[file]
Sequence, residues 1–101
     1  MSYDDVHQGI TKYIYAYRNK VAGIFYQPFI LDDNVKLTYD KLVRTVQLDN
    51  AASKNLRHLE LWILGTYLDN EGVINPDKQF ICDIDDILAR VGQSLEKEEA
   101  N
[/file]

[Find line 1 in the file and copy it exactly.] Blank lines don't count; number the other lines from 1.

Sequence, residues 1–101